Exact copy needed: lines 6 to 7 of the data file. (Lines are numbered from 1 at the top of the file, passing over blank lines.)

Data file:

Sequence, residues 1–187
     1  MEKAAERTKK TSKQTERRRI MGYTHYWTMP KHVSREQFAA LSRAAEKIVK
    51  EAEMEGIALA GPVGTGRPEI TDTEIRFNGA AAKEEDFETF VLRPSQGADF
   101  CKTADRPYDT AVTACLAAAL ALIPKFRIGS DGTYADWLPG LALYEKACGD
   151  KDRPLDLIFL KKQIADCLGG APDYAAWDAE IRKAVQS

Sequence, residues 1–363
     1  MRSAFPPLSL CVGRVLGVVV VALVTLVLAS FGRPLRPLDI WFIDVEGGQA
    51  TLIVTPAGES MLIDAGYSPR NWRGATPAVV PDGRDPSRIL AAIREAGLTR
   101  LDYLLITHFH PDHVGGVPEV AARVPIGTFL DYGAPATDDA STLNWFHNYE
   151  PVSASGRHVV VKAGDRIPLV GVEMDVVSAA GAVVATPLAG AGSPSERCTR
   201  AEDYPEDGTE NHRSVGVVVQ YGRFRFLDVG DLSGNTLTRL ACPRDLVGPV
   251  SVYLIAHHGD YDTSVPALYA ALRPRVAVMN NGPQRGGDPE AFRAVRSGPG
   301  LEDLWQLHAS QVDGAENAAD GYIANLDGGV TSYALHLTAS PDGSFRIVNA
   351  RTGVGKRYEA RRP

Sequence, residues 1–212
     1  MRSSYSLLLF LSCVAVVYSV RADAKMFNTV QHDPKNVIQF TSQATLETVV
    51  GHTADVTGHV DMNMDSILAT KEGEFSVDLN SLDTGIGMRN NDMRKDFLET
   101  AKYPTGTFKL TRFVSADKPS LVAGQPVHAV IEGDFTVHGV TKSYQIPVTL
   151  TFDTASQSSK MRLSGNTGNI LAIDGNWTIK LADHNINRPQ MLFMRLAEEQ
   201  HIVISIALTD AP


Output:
Sequence, residues 1–363
     1  MRSAFPPLSL CVGRVLGVVV VALVTLVLAS FGRPLRPLDI WFIDVEGGQA